Why Companies Like Boeing Struggle to Work With Regulators
And how to get both sides on the same page
My son was happy when our elf-on-the-shelf left after Christmas. Following a day of particularly poor behavior, the elf delivered an official citation with a warning lump of coal, and they’ve had a strained relationship ever since.
Looking back on it, including the subsequent breakdown, the elf may have overplayed that hand. Live and learn, I suppose.
So, when our elf went back to the North Pole to relax and do whatever it is elves do for the next 11 months, my son was not sad to see him go.
“But won’t you miss finding him each day? Won’t you miss having him around?” I asked.
To which he replied, “Yeah, but I don’t have to worry about him telling on me anymore.”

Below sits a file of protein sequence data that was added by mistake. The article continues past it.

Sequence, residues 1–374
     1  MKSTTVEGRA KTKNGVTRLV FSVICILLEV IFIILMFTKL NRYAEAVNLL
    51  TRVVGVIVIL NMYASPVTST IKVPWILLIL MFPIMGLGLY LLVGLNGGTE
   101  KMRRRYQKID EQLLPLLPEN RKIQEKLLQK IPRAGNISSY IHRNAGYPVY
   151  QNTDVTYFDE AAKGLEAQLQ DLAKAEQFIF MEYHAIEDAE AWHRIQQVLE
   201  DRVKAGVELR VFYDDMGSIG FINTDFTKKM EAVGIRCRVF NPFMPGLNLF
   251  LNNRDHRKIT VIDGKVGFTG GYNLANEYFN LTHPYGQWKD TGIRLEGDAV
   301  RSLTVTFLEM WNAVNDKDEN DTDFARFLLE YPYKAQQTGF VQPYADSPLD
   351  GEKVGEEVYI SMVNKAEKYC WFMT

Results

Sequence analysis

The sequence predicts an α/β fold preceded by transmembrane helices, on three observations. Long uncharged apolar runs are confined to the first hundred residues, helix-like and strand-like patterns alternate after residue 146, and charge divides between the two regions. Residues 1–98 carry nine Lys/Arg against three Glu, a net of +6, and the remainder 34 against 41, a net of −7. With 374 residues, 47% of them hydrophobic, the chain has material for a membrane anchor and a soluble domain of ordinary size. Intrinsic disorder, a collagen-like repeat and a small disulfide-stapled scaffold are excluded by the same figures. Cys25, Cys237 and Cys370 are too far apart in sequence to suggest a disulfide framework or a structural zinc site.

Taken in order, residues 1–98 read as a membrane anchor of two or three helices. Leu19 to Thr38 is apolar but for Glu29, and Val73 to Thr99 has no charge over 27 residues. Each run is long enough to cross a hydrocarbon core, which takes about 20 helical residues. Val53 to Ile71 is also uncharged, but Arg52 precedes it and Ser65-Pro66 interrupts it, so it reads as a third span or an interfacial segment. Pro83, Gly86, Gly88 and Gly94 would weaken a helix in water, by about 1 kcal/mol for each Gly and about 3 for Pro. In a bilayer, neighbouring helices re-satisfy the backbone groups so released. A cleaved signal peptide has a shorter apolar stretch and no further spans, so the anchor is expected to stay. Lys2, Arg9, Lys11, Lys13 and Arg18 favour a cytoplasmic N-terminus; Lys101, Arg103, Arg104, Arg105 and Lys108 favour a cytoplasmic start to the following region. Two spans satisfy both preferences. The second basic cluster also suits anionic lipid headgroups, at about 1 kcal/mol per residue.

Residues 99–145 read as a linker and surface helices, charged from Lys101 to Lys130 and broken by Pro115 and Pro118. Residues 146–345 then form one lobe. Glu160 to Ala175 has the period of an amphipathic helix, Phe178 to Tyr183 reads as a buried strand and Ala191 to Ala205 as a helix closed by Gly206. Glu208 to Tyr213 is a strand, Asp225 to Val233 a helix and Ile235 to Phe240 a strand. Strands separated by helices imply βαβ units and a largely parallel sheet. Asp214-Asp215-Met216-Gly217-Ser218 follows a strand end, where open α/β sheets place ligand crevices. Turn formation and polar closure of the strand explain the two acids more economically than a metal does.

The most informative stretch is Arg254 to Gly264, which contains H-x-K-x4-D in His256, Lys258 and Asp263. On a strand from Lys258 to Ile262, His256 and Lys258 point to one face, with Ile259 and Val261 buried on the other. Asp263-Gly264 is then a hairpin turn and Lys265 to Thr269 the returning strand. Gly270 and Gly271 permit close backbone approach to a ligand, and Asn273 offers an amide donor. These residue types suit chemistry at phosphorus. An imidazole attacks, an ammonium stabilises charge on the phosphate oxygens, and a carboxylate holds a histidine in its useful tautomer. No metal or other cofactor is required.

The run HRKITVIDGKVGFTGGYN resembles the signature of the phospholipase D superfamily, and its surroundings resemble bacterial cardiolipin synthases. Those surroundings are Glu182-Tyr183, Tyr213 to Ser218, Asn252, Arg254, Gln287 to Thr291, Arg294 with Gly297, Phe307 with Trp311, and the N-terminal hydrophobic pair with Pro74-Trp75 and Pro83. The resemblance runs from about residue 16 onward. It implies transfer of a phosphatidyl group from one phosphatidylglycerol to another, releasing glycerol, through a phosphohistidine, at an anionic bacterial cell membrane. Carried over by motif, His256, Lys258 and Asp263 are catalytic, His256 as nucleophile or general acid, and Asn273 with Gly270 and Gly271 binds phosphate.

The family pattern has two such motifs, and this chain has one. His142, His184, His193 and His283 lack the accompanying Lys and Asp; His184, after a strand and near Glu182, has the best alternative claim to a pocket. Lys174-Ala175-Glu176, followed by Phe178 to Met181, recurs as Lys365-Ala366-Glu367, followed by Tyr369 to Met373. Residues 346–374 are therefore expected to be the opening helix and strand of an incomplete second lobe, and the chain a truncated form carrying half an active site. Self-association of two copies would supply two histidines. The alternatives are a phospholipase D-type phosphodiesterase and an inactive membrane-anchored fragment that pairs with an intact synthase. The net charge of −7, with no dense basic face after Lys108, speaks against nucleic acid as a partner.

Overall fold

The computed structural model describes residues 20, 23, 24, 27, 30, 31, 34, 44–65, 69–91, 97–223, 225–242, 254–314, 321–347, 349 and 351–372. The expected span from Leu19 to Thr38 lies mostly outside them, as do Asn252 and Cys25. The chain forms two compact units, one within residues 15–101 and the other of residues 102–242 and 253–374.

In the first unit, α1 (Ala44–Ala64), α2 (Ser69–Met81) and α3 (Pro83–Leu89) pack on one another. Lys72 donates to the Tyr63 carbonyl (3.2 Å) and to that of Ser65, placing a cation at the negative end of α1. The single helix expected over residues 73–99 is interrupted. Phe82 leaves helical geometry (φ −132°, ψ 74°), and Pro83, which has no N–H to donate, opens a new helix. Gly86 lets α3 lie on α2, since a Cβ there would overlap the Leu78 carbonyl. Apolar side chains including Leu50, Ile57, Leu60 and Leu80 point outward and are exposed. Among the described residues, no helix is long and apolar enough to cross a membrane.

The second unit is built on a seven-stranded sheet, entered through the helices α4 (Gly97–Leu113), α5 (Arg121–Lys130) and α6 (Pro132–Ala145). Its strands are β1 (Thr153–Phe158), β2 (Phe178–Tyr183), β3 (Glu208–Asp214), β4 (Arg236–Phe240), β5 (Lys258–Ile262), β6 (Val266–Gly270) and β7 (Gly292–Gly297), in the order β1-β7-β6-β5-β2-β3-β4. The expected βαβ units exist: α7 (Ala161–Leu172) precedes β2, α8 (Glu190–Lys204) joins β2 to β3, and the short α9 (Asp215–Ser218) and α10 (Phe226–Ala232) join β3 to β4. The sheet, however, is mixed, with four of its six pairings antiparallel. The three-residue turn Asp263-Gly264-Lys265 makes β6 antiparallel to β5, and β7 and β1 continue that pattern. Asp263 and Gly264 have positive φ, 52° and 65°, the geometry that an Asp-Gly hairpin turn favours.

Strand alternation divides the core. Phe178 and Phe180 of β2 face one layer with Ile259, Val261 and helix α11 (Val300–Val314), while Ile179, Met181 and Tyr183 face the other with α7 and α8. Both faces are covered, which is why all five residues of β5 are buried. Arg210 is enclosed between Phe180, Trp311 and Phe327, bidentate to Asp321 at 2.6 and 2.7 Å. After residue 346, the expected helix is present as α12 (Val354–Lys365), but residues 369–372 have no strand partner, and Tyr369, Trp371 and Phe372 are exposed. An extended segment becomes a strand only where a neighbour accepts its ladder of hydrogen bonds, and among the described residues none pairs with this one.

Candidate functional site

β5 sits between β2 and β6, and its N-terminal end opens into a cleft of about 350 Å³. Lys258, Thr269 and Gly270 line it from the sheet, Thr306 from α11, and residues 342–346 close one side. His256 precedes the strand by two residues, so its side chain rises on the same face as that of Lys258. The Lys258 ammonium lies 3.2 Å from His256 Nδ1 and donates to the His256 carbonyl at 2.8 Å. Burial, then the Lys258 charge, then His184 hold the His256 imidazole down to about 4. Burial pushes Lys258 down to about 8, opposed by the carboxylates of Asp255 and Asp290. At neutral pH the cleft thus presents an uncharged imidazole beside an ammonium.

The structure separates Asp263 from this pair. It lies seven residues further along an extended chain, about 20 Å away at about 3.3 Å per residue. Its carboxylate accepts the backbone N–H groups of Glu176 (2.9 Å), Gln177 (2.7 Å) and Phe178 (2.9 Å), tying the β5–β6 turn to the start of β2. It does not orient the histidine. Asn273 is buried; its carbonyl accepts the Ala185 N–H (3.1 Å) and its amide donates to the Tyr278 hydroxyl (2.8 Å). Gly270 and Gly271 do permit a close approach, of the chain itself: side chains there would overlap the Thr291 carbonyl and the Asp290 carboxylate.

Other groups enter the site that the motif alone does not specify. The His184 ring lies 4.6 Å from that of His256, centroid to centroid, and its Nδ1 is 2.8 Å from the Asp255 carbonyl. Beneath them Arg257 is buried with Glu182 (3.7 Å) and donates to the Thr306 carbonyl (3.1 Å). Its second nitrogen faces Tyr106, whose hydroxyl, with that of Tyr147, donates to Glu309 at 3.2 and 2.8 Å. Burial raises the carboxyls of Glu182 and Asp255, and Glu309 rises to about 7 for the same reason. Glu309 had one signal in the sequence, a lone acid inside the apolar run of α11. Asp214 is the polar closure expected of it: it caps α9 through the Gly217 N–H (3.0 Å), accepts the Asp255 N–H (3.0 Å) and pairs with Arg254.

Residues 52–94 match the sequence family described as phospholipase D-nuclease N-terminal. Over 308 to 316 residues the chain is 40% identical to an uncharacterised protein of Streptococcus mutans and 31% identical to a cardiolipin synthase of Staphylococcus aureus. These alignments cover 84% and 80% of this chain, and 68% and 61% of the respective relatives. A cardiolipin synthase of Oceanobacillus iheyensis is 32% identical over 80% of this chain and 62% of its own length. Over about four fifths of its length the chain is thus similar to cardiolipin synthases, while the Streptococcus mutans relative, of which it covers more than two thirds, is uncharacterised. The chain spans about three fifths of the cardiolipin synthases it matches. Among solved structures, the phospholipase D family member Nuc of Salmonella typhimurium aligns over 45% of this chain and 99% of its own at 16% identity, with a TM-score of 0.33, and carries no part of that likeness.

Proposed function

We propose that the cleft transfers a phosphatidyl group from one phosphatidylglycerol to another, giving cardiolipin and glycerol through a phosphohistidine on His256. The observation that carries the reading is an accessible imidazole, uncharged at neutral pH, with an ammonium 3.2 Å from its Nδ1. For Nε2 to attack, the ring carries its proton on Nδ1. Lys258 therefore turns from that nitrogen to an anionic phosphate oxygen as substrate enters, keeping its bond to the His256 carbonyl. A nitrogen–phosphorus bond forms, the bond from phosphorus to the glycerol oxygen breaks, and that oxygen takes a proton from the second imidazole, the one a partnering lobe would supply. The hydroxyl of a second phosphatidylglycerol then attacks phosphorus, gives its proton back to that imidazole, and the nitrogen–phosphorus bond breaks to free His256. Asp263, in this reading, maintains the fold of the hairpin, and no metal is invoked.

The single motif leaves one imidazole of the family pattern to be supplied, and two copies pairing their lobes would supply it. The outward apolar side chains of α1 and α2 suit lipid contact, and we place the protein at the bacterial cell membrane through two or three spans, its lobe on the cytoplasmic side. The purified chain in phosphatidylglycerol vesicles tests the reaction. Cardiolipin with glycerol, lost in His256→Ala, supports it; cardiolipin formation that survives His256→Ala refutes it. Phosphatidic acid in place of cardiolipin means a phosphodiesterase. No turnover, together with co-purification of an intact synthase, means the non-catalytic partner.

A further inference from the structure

And then I realized that I’d mismanaged that whole situation.
Instead of a source of Christmas cheer, I’d turned our elf into an overzealous tattletale, constantly waiting for my son to slip up so he could run to Santa with a bad report. The elf wasn’t a friend. A friend doesn’t snitch you out to Santa. No, he was a liability that slowly reduced present count throughout the month of December.
Every reminder and interaction was negative. The elf never rewarded positive behavior, instead saving all of his interactions for punishing bad decisions.
Is it any surprise that my son didn’t welcome his presence? I mean, who would welcome someone looking over their shoulder all day, waiting for the chance to yell, “Gotcha!”
No one, that’s who. Which is a shame. Because we’re missing out on a great resource.
Two kinds of inspectors
“A little positive reinforcement is a great tool. Any cop would much rather reward someone than hand them a summons.” — Tom Leach
I don’t really want to talk about our elf and his affinity for snitching. I actually want to talk about Boeing and the FAA.
Reports of Boeing employees being less than forthright with the FAA add another embarrassing layer to…